In the October issue of the 1983 Model Railroader magazine was an article by young Steven Wesolowski who, with the help of his dad, built a jig for making wooden pallets. I thought that was a great idea and a wonderful simple project to do. Pallets are everywhere in the real world, so our scale world should be littered with them as well. I pretty much followed the steps in the article. My thought was to build a single base that held three pallet-building jigs so that I could build one while the others have their glue drying. So, I used some strip styrene and glued it to a styrene base, as seen in the first photo.
The wooden pallets are going to be built upside-down. The purpose of the jig is to produce repeatable pallets that more or less look the same. So, I wanted to make them such that there are five, one-inch scale thickness boards at the top. I cut five pieces of 1x4 strip styrene, and using the 1"-thick wooden boards as my go-by, spaced them such that the wooden boards fit in between in a relaxed manner. Wood has some fuzz along the edges, so if you make the jig too tight, the board won't fit. Plus a slight angular variation is good. Trying to make sure the jig was square everywhere, I discovered that for some reason the first jig's styrene strip was not glued down perpendicular to its other strip, so that one got the big black X marked on it. Oh well, two are enough. The pallets are going to be 48" by 40" in overall size (in the photo, 40" is from top to bottom, 48" is from left to right).
The wooden boards, by the way, are a scale 1"x5". I would have used 1x6, but I didn't have any wood strips of that size in stock. The next step is to start installing the styrene spacer blocks against which the 2x4 boards are glued that make up the vertical parts of the pallet. I cut a bunch of small styrene blocks, but soon found out that they weren't square. So, I started over again by first marking, with a pencil, one side of the styrene strip from which I was cutting those blocks. The pencil marks are lines drawn length-wise over the strip styrene. This means that when I cut them, I will be able to orient them all in the same direction for consistency. It then matters less exactly how thick they are. I glued five of those blocks on top of the 1" styrene strips glued in the previous step, against one of the legs of the jig. To hold the wooden boards in place while I got ready for the next step of the jig's construction, I went ahead and glued a 2x4 board down.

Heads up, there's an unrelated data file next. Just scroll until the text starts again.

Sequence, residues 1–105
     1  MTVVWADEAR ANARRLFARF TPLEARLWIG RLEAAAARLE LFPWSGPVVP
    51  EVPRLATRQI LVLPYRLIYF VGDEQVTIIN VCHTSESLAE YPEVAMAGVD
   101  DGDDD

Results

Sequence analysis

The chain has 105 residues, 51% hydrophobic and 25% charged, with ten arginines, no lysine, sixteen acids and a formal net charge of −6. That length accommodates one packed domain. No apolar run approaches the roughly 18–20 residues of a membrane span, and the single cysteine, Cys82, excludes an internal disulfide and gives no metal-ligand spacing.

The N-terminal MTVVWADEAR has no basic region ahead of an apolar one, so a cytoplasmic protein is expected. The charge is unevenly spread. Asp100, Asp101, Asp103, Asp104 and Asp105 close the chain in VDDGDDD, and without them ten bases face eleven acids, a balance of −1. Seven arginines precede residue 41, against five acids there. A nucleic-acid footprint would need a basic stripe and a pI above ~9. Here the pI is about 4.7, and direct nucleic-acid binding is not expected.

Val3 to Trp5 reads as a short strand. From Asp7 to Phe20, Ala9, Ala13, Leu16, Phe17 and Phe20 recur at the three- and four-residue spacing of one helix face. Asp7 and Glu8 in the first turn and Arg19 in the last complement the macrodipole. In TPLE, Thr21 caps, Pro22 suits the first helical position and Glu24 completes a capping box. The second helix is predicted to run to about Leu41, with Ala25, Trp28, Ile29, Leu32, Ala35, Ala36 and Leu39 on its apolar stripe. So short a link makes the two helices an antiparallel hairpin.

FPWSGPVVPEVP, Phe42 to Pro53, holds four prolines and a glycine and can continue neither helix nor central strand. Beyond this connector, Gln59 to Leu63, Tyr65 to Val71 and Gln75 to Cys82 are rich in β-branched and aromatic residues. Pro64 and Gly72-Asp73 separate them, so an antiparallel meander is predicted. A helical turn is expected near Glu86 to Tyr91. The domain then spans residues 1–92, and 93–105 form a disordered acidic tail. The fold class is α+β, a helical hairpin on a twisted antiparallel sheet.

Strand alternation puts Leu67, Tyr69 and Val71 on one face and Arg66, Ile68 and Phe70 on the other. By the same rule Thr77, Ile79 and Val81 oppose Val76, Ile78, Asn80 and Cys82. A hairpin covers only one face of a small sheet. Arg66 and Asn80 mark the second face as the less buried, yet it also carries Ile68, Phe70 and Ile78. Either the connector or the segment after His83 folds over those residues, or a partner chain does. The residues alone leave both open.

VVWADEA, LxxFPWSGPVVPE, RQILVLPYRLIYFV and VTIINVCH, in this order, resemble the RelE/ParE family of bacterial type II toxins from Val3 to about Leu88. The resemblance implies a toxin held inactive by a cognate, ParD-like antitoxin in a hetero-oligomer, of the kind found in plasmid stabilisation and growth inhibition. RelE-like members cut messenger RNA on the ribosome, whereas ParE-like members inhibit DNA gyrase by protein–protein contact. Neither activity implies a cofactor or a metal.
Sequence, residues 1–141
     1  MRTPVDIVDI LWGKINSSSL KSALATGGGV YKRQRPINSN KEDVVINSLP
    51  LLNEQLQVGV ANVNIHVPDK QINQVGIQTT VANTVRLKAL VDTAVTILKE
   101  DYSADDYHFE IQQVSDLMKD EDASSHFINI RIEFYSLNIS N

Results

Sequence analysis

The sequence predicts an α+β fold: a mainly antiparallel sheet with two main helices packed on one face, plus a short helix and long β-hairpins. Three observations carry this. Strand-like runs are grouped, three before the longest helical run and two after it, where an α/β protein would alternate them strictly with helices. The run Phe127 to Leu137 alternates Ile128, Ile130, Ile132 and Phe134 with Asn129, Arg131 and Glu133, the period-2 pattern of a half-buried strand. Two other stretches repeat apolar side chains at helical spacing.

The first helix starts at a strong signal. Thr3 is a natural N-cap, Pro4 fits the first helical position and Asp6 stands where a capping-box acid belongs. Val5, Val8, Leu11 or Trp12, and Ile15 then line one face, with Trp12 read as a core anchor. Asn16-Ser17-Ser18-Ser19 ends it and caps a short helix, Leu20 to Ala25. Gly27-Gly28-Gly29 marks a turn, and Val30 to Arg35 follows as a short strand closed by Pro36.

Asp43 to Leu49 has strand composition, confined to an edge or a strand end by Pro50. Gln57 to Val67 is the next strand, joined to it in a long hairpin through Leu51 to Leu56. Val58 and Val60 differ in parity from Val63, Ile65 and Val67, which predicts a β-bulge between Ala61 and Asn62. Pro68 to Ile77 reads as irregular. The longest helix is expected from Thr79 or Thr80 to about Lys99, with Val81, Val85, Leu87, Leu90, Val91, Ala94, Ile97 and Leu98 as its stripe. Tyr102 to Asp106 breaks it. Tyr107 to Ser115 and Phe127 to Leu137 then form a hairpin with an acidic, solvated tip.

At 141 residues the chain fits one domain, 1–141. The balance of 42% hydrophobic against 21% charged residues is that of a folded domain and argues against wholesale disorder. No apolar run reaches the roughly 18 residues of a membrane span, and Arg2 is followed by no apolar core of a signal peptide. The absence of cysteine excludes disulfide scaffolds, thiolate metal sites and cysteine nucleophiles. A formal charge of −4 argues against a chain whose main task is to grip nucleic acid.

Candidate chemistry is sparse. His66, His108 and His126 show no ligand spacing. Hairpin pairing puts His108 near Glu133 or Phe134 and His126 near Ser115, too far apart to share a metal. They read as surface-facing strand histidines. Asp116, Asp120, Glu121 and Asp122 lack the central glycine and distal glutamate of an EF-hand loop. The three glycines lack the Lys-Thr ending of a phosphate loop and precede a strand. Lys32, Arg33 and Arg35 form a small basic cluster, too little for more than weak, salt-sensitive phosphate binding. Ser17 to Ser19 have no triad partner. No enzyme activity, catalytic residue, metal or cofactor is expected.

I then marked the exact center of the wooden board, so that I knew where to put the second 2x4 vertical board. I glued that one to the 1" wooden boards, using a small ruler as my guide to make sure that it was perpendicular to the jig's leg. After that was dry, I now had a place to glue the second set of styrene squares, i.e. against the second 2x4.
The third set of styrene blocks go at the other end.
This, then, completes the basic jig, and my first wooden pallet.
I built four more to see if the jig works. Of course, the purpose of going through the effort of building a jig is that subsequent items are faster and easier to produce, which they were. I just place the five 1" wooden boards in the jig, and then in one step glue the three 2x4 boards to them, using the tip of a toothpick to place a tiny blob of glue on the underside of the 1" boards. Letting it cure for a few minutes is the most time-consuming part. After that, I can use a pair of small tweezers to lift the pallet out of the jig. Being able to build two at a time helps. Three would have been better.
I then applied a single coat of india-ink-and-alcohol stain to all sides of the pallets. And this is the end-result that I was looking for; a naturally cluttered scene of the company's employees having placed a pile of unused pallets on top of each other outside the door.
I am going to build quite a few more of these.